Cucumbers have been cultivated for thousands of years, and like many food plants, they have been improved by cross-breeding to accentuate the better and eliminate the bitter.
Old recipes often include a de-bittering step, such as soaking the slices in salt water. (I doubt that that works anyway.) But modern varieties are rarely bitter except in the skin, which can be peeled off.
Part of the flavor of cucumbers is due to slightly bitter compounds called cucurbitacins. But when a cucumber has had a hard life back on the plant, such as a long spell of hot, dry weather or a battle with insects or disease, the amount of cucurbitacins builds up defensively in the flesh as well as in the skin.
The bitterness is Nature’s way of saying, “Don’t eat me or you’ll be sorry.” Alkaloids, for example, a class of mostly toxic chemicals found in plants, all have a bitter taste. But the amount of cucurbitacin you’re likely to find in a cucumber certainly won’t kill you. If you come upon a bitter cuke, chalk it up to the luck of the draw and move on to some others that may have had a less stressful youth back on the farm.
Today’s rarely bitter cucumbers are often sliced and salted, not to remove bitterness but to crisp them up. Sprinkle salt on sliced cucumbers in a bowl, top them with a layer of ice cubes, and put them in the refrigerator for an hour or so. The salt will draw water from between the fruit’s cells, firming up their structure. Wash the excess salt off before using.
While a coating of solid salt will draw water out of cucumber slices and crisp them, soaking them in salt water has the opposite effect: they will soak up water and become softer, or wilted. That’s because osmosis draws water from a less salty environment into a saltier one. When the cucumber cells are in contact with solid salt, some of its water will be drawn out. But when they are in contact with a rather dilute salt solution, some of the solution’s water will be drawn into the cells.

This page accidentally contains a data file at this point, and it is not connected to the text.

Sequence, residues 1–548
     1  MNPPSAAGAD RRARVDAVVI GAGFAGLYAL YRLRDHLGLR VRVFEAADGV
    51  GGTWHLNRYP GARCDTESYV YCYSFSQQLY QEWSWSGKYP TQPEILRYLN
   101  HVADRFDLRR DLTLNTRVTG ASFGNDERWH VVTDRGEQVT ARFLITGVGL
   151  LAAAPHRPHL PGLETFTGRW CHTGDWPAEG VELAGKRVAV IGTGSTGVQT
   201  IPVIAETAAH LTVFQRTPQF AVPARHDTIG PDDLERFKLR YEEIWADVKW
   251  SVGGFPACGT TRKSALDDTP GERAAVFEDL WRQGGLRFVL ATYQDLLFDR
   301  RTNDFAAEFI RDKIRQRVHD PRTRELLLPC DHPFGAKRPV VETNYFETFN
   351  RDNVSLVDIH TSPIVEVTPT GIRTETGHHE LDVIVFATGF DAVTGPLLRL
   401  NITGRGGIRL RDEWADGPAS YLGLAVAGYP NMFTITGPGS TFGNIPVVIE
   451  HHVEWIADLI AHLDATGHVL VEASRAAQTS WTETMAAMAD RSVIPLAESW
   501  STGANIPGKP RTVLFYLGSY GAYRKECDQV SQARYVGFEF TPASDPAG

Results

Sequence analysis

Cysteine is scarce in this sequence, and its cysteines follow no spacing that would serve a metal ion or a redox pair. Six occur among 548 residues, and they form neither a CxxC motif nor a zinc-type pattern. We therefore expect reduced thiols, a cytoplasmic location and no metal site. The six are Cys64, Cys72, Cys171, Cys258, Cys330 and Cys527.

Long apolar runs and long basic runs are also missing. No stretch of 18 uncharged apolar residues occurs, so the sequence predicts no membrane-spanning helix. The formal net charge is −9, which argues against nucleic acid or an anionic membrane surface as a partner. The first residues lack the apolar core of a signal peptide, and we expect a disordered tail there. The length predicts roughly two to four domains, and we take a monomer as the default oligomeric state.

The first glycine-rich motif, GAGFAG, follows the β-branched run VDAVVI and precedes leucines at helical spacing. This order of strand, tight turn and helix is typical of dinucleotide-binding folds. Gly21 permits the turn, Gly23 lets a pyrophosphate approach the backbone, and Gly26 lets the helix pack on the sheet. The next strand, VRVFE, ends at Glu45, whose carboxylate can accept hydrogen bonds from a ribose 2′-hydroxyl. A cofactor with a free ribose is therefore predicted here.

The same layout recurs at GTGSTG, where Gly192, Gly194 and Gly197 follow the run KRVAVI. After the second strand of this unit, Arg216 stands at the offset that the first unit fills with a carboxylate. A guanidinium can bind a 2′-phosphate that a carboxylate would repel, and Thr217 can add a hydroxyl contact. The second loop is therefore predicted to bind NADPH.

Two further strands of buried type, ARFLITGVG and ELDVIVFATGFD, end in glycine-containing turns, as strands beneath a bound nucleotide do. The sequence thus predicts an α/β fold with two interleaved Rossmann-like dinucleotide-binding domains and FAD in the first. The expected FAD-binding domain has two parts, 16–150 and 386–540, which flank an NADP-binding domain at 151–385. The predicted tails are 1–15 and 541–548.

Cucumber skins aren’t completely impermeable to moisture, so the fruit will eventually dry out and shrivel if not protected by a moisture-proof coating. Cuke moguls therefore spray their product with an FDA-approved, edible wax to prolong their produce-counter lifetimes. The smaller, warty-skinned pickling cucumbers are not waxed because in pickling it is essential that the pickling liquor penetrate the vegetable.
So-called English cucumbers, being long and thin with consequently large surface areas, must be protected by more than a wax coating and are usually wrapped in plastic film.